He was Quartermaster -General for just two years when he was promoted to Adjucant-General where he remained except for two commands in the field until 1890. Those commands were the campaign to deal with the crisis in Egypt in 1882 and the relief of General Gordon in 1884/5. As Adjucant-General, Wolseley was responsible for training, discipline, education, recruitment  as well as designing new equipment and clothing. The campaign in Egypt arose because there was a collapse of authority in Egypt when there was a nationalist revolt against the weak rule of Khedive Tewfik and the presence of so many foreigners (90,000). The revolt was led by Colonel Ahmed Arabi and led to nationalists being given more responsibility, including Arabi becoming the Minister of War.


The Battle of Tel-el-Kebir
In June 1882 a row over a fare between an Egyptian donkey boy and a Maltese led to a riot in Alexandria in which nearly fifty foreigners were killed and their property plundered. this was reported in the London press as anarchy and panicked the London stock exchange. Prime Minister Gladstone hoped that the French would work with Britain to resolve the situation but the French assembly voted to keep out of the situation. Britain was left to do what she felt was necessary to maintain her interests in Egypt and to ensure that trade routes to Africa and the Far East were kept open. A naval force was despatched to Alexandria and landed sufficient men to take control of the city but with disorder throughout Egypt, Gladstone who himself had investments in Egypt deemed the country in need of order being established. He therefore decided to send an expeditionary force to the area to regain control of Egypt and protect British people and property. Two armies converged on Egypt and warships gained control of the canal. Wolseley was given command of a 31,000 force of men which landed on the northern coast and in a series of superb moves, including one night march took Arabi's army by surprise at Tel-el-Kebir defeated it soundly.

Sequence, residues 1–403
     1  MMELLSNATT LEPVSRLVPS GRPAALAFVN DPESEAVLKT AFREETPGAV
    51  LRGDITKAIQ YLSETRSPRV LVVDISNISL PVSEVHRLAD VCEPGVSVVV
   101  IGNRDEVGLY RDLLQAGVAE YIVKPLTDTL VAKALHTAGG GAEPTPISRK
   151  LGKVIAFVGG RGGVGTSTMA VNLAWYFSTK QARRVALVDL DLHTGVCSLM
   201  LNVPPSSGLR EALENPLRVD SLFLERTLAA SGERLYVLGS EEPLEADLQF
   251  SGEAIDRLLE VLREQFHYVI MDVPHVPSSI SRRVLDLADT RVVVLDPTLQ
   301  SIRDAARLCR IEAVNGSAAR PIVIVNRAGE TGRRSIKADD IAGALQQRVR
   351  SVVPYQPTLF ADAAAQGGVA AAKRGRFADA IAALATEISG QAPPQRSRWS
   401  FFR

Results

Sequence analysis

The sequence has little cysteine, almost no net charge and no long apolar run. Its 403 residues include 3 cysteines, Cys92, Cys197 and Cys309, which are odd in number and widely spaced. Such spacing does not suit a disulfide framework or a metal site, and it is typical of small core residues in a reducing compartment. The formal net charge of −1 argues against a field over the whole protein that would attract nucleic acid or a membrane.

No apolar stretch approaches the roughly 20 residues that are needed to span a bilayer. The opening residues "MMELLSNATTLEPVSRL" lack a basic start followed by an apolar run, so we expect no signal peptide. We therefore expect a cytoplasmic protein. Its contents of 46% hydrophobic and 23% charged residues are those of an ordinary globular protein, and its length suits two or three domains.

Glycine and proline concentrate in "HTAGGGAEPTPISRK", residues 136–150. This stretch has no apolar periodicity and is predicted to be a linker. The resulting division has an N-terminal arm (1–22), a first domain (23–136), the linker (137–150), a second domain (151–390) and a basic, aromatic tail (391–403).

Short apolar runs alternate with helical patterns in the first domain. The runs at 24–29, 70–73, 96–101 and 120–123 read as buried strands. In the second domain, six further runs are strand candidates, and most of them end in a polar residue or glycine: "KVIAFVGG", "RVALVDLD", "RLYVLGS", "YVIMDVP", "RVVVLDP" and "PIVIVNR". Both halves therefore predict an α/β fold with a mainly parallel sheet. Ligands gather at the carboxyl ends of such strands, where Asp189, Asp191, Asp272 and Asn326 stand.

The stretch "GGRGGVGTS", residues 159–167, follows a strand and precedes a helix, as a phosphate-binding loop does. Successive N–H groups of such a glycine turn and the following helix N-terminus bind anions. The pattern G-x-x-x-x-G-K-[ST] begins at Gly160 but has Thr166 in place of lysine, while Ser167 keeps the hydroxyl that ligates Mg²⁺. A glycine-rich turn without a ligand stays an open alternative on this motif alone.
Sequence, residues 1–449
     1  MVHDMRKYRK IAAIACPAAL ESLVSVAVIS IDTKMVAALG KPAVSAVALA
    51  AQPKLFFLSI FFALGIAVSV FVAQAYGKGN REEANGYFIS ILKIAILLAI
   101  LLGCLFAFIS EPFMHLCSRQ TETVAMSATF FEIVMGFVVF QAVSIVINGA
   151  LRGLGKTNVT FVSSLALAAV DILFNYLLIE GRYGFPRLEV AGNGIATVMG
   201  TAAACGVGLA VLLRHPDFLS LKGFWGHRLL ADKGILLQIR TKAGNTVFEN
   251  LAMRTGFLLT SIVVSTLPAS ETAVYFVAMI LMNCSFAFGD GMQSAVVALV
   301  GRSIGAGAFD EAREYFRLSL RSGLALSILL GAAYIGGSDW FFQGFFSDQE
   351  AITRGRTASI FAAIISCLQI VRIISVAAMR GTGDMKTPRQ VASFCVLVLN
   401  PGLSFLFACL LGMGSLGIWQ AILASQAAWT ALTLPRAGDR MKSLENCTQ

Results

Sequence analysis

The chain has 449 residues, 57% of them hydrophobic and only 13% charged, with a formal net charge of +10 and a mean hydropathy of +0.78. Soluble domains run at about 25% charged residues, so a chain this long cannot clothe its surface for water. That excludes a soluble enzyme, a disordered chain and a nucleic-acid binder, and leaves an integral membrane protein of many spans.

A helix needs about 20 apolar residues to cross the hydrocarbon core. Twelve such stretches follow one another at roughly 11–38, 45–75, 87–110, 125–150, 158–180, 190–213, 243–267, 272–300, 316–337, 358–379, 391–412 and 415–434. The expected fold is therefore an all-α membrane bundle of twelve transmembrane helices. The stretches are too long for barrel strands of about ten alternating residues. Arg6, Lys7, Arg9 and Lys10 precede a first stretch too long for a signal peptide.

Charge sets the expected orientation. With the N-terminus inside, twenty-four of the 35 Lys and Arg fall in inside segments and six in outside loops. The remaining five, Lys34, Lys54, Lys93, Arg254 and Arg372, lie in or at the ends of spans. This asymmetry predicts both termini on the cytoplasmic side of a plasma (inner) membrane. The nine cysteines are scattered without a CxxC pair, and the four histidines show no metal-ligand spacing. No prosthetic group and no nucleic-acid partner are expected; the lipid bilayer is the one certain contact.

Following the battle, Wolsely moved on Cairo and once the situation had been brought under British control, Wolseley returned home with most of the army with  12,000 left behind to ensure compliance with the newly established British presence. It was not long though before Wolseley was back in Egypt.

Following Wolseley’s defeat of Urabi and the establishment of British advisers to the new Khedive, Britain found herself drawn into the politics of Sudan, a virtual colony of Egypt but where the rise of Islamic fundamentalism under a fanatical leader, the Mahdi, had first defeated an Egyptian force under the command of Colonel Hicks and then threatened Sudan. The British government decided to try to persuade the Egyptian government to give up Sudan.


The mission to rescue Gordon